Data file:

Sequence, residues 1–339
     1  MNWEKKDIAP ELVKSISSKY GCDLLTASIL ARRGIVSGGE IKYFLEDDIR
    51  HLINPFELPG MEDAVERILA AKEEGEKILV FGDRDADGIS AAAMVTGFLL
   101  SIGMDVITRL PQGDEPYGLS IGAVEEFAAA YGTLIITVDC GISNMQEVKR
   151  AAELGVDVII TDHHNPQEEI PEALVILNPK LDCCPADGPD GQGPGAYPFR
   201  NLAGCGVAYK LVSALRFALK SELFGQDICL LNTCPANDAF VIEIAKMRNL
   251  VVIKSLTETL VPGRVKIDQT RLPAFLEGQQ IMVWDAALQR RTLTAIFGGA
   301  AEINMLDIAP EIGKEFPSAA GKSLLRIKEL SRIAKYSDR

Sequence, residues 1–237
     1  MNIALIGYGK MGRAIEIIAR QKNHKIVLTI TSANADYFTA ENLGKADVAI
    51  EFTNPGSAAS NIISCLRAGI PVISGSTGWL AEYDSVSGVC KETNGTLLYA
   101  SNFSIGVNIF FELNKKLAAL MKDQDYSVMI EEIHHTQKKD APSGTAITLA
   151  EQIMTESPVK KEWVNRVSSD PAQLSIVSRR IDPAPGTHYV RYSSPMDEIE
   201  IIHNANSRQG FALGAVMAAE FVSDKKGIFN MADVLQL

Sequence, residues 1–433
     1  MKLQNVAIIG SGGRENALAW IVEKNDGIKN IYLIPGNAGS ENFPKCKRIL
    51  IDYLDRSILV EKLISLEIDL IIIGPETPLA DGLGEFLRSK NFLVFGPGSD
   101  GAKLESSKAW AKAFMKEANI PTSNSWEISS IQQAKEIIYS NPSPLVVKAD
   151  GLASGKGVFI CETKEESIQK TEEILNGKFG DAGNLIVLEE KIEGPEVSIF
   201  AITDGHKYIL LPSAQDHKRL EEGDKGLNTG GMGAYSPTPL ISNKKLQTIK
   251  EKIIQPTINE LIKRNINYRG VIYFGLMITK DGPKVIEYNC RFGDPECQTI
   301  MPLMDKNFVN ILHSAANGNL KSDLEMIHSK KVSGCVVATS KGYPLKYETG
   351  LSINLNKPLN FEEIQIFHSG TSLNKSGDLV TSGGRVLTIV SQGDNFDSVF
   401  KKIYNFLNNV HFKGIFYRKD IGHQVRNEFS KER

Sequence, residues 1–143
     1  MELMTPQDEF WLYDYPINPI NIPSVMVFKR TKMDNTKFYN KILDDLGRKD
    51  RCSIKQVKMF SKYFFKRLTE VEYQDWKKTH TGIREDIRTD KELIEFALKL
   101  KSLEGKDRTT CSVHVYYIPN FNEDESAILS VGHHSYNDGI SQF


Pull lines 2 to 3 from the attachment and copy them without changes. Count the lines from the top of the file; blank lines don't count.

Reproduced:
     1  MNWEKKDIAP ELVKSISSKY GCDLLTASIL ARRGIVSGGE IKYFLEDDIR
    51  HLINPFELPG MEDAVERILA AKEEGEKILV FGDRDADGIS AAAMVTGFLL